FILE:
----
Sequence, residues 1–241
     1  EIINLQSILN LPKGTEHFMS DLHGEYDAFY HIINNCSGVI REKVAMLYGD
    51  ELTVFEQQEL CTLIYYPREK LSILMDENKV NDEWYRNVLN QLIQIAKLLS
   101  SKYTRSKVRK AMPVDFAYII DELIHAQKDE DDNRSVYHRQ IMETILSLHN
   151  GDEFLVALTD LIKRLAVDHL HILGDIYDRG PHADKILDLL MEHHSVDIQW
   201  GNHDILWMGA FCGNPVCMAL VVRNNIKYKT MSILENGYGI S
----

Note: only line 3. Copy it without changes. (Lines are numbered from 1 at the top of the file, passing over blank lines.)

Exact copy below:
    51  ELTVFEQQEL CTLIYYPREK LSILMDENKV NDEWYRNVLN QLIQIAKLLS